Join Date: Dec 2010
Location: southern Arizona
Here is what I do with the 2 horses I canter regularly - yeah, a whopping TWO horses of experience, so take it FWIW...
Both of mine get excited about cantering and tend to get strung out. If "I very softly and continuously asked for [them] to slow down", they continue fast a little longer, then slow down to a trot.
What works for them is to milk each shoulder separately. I do NOT pull back, but as the left shoulder goes forward, I go forward with the left hand a little slower and not so far. This can be practiced at the walk & trot as well - move your hand forward a bit faster and farther in synch with each shoulder, and they tend to lengthen their strides (not immediately, but over 5-20 strides, depending on if they are used to the cue). If I give with that hand just a little slower and not quite so far, they tend to shorten the stride of their front feet.
At a canter, it is the only reliable way I have to slow them down. Particularly the mare - if I try to restrain her with both hands, ever so gently, it will turn into a fight. If I pull back with each hand in synch with the shoulder, it turns into a fight. But if I just am less enthusiastic with each hand, in synch with the shoulder, then she settles down.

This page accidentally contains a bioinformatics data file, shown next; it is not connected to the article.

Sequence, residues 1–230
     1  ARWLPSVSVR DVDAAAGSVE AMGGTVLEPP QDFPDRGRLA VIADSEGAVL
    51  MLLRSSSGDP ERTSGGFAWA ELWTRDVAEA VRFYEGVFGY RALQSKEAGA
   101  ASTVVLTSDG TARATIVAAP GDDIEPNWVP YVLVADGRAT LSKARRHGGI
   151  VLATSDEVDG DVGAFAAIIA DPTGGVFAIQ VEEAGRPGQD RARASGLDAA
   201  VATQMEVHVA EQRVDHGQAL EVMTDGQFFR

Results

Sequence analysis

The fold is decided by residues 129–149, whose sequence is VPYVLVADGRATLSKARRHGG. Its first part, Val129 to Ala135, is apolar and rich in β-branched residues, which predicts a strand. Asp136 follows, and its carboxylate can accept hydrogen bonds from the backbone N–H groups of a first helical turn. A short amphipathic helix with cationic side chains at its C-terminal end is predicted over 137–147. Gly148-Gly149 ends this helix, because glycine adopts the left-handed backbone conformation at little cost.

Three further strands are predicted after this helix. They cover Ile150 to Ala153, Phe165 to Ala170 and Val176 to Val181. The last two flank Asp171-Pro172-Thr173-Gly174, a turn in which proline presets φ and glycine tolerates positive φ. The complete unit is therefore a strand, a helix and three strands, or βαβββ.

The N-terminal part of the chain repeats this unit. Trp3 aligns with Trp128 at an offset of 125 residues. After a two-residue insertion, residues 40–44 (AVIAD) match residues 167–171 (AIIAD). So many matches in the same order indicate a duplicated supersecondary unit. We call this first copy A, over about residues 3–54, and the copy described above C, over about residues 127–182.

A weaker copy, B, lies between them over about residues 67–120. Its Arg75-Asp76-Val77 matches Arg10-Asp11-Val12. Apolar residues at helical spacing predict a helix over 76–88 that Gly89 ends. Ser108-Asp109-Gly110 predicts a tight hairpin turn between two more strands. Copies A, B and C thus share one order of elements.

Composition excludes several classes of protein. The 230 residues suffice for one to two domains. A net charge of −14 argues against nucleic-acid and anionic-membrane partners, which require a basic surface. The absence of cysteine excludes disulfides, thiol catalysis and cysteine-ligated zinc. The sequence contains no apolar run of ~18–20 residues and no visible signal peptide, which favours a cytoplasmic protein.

With time, my gelding is starting to settle on his own. It is more comfortable for the horse to do it right. The mare? She has less experience, but she varies. Some days she picks up a very collected canter. Most of the time, we spend the first 30-60 seconds trying to slow her front enough to stop her from being strung out. Then we'll canter a bit more at a happy speed for her, and then I ask her to restrain herself a little.
This is also working for her on the trail, as I try to turn my spooky arena mare into a trail horse. When she starts to get excited, instead of pulling back, I just show less enthusiasm, and she will move her feet a little less, and then her head drops.
This is also why I no longer ride her bitless. Without a bit, I just cannot communicate this way with her.
... Energy is an admirable thing, but the energy of stupidity seldom avails much..." - On Seats and Saddles (1868), Francis Dwyer, Major of Hussars (light cavalry)
Last edited by bsms; 05-18-2012 at 10:50 AM.